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Why Should You Pay A Financial Advisor? You, Your Advisor and The Big Mistake. Thumbnail

Why Should You Pay A Financial Advisor? You, Your Advisor and The Big Mistake.

I'm in several Facebook groups that discuss retirement and taxes (I know - super exciting!), and I see a recurring theme in many of the posts by members in the group.

"My financial advisor charges 1% of my portfolio. Is he ripping me off?"

"My advisor charges 1.5%. I can save that money and manage the portfolio myself."

"You should just use a robo advisor, they only charge 0.5%," 

"How much should I pay a financial advisor?"

And on and on and on...

So let's talk about this.

Why should you pay a financial advisor?

Should you focus on price alone?

Or maybe should you focus on the value that an advisor actually brings to you?

Insider tips in the industry:

  • Managing investments/portfolios is not the reason you should pay any advisor
  • An advisor's greatest value is keeping you from making financial mistakes from which you can't recover

Without an advisor you basically stand no chance, statistically speaking, from making one of those mistakes.

Does that make you look at the fee differently?

Maybe it's not really a fee at all.

Maybe it's more like an insurance policy protecting one of the largest assets you own.

A true financial advisor fee is much more like an insurance policy.

Why do we buy insurance on anything?

We buy insurance to protect the asset and to transfer the risk from us to the insurance company.

A financial advisor fee is the same thing. It's insurance. You're transferring the risk of protecting your assets to an advisor who has the knowledge and resources to do just that.

Would you quit paying insurance on your home because it cost too much?

Or would you instead shop insurance companies to find a rate you felt comfortable paying and that you felt protected your home also?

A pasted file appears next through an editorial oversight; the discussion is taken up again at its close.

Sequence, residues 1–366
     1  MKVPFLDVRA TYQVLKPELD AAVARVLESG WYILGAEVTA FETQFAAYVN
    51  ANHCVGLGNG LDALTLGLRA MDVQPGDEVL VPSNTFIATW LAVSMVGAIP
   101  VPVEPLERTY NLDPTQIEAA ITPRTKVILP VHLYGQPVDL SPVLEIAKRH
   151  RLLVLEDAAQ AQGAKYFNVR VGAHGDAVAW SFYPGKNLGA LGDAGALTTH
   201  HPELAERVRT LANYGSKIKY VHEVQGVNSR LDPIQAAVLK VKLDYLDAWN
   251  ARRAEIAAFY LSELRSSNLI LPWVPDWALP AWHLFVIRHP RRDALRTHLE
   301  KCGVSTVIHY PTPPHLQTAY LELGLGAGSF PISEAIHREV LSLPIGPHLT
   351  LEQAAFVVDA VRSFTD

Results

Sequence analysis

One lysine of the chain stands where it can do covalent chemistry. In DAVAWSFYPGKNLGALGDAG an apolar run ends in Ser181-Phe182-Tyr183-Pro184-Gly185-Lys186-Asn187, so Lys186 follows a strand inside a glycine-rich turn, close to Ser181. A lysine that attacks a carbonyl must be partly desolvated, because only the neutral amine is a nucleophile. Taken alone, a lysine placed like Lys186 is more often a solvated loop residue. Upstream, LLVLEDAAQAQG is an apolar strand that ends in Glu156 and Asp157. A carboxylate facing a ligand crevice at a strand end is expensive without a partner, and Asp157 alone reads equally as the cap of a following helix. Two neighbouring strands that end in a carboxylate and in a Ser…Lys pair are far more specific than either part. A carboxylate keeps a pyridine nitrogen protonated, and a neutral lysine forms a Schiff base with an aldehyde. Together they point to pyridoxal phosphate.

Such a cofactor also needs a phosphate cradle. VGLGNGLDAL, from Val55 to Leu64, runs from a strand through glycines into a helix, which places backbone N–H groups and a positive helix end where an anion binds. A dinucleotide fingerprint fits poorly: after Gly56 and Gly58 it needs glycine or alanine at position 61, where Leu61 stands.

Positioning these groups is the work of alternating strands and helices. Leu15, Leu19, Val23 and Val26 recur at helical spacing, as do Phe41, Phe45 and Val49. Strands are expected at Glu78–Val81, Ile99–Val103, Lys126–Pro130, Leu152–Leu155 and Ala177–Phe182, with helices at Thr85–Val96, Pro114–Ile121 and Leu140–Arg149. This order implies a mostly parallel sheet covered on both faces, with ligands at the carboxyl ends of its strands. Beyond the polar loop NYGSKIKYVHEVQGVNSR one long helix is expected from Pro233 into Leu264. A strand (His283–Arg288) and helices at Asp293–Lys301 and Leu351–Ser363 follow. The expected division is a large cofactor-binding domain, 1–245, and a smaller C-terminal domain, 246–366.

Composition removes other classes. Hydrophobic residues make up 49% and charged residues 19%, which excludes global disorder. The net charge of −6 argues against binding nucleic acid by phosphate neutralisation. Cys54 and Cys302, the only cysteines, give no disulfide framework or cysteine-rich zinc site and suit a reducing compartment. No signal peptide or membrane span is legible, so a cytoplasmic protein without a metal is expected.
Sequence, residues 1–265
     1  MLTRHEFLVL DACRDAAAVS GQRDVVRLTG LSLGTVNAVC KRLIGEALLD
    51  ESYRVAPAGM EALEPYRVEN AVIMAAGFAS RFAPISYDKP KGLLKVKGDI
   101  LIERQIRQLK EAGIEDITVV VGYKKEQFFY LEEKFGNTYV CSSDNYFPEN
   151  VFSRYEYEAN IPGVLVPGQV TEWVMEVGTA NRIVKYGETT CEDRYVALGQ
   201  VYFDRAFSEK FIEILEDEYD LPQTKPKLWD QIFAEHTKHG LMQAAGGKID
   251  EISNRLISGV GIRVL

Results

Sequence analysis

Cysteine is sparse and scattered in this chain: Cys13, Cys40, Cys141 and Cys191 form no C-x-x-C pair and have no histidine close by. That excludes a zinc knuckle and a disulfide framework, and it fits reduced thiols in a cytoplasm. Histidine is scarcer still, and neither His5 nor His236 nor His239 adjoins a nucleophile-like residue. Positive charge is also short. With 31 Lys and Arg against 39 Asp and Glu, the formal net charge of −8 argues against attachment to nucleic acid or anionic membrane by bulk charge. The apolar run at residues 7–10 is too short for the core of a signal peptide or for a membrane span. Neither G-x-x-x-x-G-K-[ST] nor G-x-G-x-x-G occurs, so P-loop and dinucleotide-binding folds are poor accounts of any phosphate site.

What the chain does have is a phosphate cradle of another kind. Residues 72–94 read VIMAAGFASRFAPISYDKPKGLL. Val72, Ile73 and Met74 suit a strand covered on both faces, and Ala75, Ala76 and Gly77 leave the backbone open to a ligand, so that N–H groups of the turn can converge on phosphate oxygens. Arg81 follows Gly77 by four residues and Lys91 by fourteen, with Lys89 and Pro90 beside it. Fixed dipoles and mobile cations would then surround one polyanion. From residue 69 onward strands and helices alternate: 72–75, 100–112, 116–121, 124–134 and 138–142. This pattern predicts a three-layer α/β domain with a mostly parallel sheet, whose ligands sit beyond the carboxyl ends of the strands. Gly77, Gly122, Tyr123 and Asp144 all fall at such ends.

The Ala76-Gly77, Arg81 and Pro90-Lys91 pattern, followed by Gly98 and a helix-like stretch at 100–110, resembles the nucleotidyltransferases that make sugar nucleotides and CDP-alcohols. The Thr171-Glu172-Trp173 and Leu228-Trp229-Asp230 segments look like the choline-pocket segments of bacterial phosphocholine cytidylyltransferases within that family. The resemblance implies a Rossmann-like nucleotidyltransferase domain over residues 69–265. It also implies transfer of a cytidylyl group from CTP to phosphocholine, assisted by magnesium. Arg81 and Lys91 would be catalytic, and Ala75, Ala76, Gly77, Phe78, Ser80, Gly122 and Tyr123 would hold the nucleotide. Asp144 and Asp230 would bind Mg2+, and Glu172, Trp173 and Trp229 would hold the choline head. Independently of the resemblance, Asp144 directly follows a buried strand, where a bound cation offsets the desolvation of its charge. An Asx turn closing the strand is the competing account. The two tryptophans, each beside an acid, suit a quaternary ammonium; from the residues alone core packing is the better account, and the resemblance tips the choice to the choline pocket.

We buy insurance to protect something we own in hopes we never need to use that insurance and cheaper doesn't mean better. It means cheaper.

What does a financial advisor charge?

It depends on the type of advisor (here's my blog about that) but if you are working with a Fiduciary Financial Advisor like 80/20 Financial Services, they will typically charge a percent of the assets they manage for you.

That fee is referred to in the industry as AUM or Assets Under Management. If they manage one million dollars for you and their fee is 1% you will pay $10,000 per year for their services. ($1,000,000 x 1% = $10,000). The industry standard is around 1% but it can be from 0.5% to 2.5%, depending on the advisor. See our prices here.

Is that too much money? It depends on your personal situation and how much risk you are willing to take in managing your own investments.

I would ask you what is your time, money, and peace of mind worth?

Time- Does it seem likely to you that we could increase your time by at least 1% per year by managing and monitoring your retirement plan?

Money- Does it seem likely to you that we could increase your long-term investment return by at least 1% more per year than you might obtain on your own?

Peace of mind- Does it seem likely to you that we could increase your peace of mind by at least 1% per year by helping you avoid financial mistakes that you might make on your own?

At 80/20 Financial you can find our prices here.

Back to the original question of why you should pay a financial advisor.

As your advisor we are a walking talking insurance plan hired to protect one of the largest assets you own, your retirement nest egg. The difference is that unlike most insurance plans we protect you before a disaster strikes, not after the damage has been done.

We literally stand between you and "The Big Mistake"  that could derail your retirement plan.

You need a plan

A goal of retiring - without a plan - is simply a plan to run out of money. At 80/20 Financial Services we work to insure the money you need in the early years of retirement is safe and not subject to temporary market fluctuations, while at the same time putting the money you'll need in the later years of retirement in a position to receive the long term market returns necessary to provide an income that increases and outpaces inflation.

For more articles about retirement planning and investing click here. 

To subscribe to our blog via email click here.

Brian Coleman-Owner/Advisor

80/20 Financial Services is an Independent Registered Investment Advisor (RIA) registered in the state of Missouri (CRD# 300772). We work with clients in Missouri and throughout the United States. Being independent allows us to work exclusively for YOU.

We specialize in helping electric cooperative employees create their retirement income and investment plans. Retirement can last 20-30 years. You need a plan!

Sketch by Carl Richards-The Behavior Gap